State grants $1M for Hanover storm-water management, creek improvements

Logan Hullinger
York Dispatch
A car turns away from flooding on the West Branch of the Codorus Creek along West College Avenue in North Codorus Township on Tuesday, July 24, 2018. Several roads intersecting with the branches of the Codorus Creek were closed in the area. Bill Kalina photo

The state recently awarded more than $1 million to Hanover Borough and the York County Conservation District for stream-improvement projects allowing for reduced stormwater runoff pollution, improved stream banks and more.

The Wolf administration announced the grants, which came from the Growing Greener grant program, in a Wednesday, Dec. 19, news release.

The grant program is supported by the Environmental Stewardship Fund, which receives its funding from landfill tipping fees. The grants are commonly used to preserve farmland, clean up abandoned mines and protect and restore watersheds statewide.

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Department of Environmental Protection Secretary Patrick McDonnell said the projects will reduce sediment and other pollution in waterways to "allow them to thrive again."

“Controlling and reducing stormwater runoff and restoring and replanting stream banks  can lead to dramatic positive results for water quality,” McDonnell said.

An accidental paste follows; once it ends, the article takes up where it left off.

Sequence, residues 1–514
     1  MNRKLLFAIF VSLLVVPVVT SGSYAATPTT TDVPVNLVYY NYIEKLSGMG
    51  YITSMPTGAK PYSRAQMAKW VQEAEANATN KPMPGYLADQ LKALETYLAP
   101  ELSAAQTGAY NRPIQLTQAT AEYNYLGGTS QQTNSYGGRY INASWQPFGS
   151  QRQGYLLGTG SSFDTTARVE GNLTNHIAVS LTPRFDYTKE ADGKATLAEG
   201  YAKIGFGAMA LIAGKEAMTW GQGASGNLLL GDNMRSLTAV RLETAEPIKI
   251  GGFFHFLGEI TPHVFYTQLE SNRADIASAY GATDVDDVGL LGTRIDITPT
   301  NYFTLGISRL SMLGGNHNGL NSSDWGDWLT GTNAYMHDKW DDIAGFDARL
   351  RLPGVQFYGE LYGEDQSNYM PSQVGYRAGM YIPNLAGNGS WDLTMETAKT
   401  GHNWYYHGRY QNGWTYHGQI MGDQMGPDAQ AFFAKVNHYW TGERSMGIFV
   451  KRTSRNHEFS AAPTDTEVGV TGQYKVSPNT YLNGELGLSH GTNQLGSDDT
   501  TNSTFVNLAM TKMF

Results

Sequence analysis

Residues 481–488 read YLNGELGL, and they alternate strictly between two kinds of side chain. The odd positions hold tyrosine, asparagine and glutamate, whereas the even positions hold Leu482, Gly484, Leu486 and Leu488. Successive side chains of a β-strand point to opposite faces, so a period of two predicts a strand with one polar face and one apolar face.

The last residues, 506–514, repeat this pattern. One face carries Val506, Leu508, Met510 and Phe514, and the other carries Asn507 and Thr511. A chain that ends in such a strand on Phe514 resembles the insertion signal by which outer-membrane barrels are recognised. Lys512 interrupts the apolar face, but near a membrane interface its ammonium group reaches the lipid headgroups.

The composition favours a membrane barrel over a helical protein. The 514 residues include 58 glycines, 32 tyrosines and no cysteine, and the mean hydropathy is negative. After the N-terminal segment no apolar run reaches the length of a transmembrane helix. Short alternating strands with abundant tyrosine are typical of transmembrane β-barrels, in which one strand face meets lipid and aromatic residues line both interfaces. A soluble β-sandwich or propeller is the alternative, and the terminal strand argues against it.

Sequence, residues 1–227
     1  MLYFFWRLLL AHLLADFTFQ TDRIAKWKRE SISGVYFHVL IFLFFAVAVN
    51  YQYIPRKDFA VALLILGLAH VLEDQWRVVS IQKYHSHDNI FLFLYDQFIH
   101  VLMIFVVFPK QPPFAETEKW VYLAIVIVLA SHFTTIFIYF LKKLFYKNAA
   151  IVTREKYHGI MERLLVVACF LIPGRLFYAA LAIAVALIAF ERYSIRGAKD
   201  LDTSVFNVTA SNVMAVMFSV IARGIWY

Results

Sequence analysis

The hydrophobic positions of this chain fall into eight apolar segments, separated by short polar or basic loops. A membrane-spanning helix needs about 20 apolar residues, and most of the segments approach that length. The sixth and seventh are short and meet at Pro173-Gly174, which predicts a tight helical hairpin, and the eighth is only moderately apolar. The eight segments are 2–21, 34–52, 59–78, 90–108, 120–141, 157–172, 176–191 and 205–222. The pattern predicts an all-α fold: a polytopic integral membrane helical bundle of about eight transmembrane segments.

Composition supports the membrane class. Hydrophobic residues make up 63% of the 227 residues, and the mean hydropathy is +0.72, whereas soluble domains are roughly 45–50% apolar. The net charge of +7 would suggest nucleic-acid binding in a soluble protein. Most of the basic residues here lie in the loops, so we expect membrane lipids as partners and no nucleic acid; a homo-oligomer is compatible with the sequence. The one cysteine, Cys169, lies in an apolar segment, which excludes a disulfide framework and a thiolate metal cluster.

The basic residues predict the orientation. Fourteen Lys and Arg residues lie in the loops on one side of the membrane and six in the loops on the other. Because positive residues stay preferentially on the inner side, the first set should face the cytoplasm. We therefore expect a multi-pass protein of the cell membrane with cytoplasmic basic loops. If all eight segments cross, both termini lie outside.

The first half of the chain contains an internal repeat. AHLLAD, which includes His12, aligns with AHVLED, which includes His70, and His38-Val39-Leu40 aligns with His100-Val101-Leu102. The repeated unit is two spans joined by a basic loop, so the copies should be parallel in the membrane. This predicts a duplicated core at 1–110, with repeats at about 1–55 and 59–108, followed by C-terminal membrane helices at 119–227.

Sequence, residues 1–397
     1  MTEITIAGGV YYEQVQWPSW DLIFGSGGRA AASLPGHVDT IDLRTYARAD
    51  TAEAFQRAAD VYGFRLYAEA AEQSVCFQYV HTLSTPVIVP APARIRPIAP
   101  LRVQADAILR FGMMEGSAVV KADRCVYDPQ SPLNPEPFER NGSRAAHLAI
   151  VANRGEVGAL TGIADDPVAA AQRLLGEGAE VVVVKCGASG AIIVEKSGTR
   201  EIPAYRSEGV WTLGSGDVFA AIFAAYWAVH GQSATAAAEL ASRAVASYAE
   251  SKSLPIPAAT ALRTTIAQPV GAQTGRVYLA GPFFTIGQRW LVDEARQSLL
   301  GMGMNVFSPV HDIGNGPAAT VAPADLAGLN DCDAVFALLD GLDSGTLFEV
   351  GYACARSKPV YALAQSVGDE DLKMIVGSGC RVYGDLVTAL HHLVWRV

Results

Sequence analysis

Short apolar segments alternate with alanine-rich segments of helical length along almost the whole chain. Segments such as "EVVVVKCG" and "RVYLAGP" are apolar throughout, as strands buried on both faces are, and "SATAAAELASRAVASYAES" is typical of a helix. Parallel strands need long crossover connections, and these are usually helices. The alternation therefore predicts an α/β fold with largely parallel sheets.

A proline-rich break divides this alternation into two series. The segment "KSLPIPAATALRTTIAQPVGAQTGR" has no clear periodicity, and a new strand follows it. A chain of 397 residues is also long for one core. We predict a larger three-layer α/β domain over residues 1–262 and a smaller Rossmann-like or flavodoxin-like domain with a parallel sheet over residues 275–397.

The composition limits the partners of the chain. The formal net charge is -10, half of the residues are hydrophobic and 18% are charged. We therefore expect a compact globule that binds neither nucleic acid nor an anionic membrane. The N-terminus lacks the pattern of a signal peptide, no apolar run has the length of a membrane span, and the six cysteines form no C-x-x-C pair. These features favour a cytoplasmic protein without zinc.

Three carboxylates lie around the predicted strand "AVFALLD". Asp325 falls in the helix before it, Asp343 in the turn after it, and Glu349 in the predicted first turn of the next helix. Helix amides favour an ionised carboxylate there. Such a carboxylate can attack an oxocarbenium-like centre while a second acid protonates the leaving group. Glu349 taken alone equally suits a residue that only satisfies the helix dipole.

Hanover will receive a $562,000 grant to develop a stormwater management plan for  the Hanover School District that will entail soil restoration and the installation of a meadow full of native plants, the release states.

The plan will eliminate an estimated  4,000 tons of sediment runoff and more than 50 pounds of combined nitrogen and phosphorous pollution annually, officials say.

The County Conservation District is receiving $509,000 to restore 1,000 feet of the west branch of the Codorus Creek, specifically to plant native grasses, shrubs and trees along the creek, the release states.

It's estimated the project will reduce sediment runoff pollution by roughly 116 tons and nitrogen pollution by 312 points each year. Phosphorus pollution also is estimated to reduce by 210 pounds annually.

— Logan Hullinger can be reached at or via Twitter at @LoganHullYD.